Today, I could not get my balance in tree pose on my left leg. It’s usually an easy balance pose for me.
In my pre-yoga workout, I struggled to get more range of motion in my left ankle in my mobility exercises.
For a moment I considered that my struggle in tree pose was related to the left ankle stiffness I experienced earlier in the morning.
Or maybe it was caused by something else.
Sometimes, there’s no rhyme or reason to why the body can do something one day and not the next, or even falter where it stood only an hour earlier.
Perhaps it was related to the left ankle, or perhaps they were both effects of the same cause. The cause could be a physical issue or it could be an emotion stuck in my subconscious. It doesn’t really matter — I don’t need a story around it.
It’s enough to observe what’s happening, and from there to notice where the mind wants to go.
As my teacher Justin used to say, the physical pose is where the yoga starts.
The Mind’s Escape Place
I noticed that my mind wanted to go to the “should” place.
I should be stronger in my balance. I should be seeing more progress.
Of course, how can you even assess “progress” when the body does one thing one day but can’t do it the next day?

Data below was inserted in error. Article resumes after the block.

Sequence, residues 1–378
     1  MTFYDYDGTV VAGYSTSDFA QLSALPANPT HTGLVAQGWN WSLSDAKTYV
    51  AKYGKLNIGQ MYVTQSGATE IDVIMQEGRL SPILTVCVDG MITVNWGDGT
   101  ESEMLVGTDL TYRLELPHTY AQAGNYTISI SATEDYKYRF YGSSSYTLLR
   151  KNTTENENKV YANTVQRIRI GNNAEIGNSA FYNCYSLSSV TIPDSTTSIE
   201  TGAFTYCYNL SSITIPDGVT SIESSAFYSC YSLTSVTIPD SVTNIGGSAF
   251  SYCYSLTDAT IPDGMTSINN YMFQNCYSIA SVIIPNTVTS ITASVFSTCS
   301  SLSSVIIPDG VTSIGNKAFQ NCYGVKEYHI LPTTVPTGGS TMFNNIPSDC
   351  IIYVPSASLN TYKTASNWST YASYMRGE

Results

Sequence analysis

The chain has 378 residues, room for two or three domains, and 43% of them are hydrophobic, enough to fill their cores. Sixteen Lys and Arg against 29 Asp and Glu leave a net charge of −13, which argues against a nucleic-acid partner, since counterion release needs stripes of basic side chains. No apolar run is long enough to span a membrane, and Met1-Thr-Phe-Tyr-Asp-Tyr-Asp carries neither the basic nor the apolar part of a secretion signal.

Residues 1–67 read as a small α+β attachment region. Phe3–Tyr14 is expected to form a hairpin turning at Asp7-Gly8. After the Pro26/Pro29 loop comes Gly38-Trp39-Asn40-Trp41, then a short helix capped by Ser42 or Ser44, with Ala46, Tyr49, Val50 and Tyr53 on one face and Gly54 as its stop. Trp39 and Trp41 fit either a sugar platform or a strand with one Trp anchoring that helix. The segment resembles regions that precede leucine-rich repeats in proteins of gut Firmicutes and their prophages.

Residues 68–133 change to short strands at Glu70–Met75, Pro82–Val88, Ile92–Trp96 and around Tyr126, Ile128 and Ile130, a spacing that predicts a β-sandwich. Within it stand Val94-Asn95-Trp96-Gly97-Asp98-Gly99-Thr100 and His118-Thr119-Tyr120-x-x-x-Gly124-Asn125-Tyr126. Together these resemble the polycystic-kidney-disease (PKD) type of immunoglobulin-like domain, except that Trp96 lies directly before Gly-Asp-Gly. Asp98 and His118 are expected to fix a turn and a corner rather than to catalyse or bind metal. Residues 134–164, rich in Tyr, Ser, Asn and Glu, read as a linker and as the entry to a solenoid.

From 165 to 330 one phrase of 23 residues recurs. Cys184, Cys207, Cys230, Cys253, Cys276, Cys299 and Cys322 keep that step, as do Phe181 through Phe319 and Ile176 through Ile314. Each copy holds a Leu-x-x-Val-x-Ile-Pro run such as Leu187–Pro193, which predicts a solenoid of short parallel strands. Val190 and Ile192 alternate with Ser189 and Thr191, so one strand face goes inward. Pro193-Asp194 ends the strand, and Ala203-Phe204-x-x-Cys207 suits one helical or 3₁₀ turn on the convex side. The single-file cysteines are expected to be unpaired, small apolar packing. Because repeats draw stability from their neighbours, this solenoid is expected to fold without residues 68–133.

Yesterday, I could grab my right ankle with my hand while in a low lunge, but I couldn’t do it on the left side. Today, I could do that move on the left side but not the right.
Is this progress or regression or both?
Instead, I invoked the practice of acceptance.
Acceptance Is Not The Same As Giving In
There’s a common misperception that acceptance means you’re “giving in” or “giving up.”
Acceptance of the situation doesn’t mean I have to like it.
Acceptance doesn’t mean I concede that this is how it will be forever.
And it doesn’t mean I can’t change the situation.
In fact, acceptance is a prerequisite to change.
See it as it is, in unfiltered reality. Only then can you work to change it.
Acceptance is a release of expectation — how I think it “should” be. It’s a letting go of the resistance to the present moment.
Acceptance was my mantra, repeated silently with every exhale.
This is where it is today.
No “shoulds.” No judgments. No blaming.
One thing I’ve learned in mindfulness practice is to ask, can I be with this?
I found that this question doesn’t always work well for me; it’s too easy, when I’m in a rebellious mood, to say, “No.”
Instead, I prefer to ask,
How can I be with this?
The point is not to come up with a strategy. Merely posing the question in this way unlocks self-compassion, which facilitates acceptance.
The Real Yoga
Many people mistakenly believe that tree pose is the yoga.
Tree pose is simply a vehicle to get to the real yoga.
The real yoga is the noticing, observing, inquiry, and engaging in self-compassion and acceptance.
This is the practice of yoga. Tree pose is optional.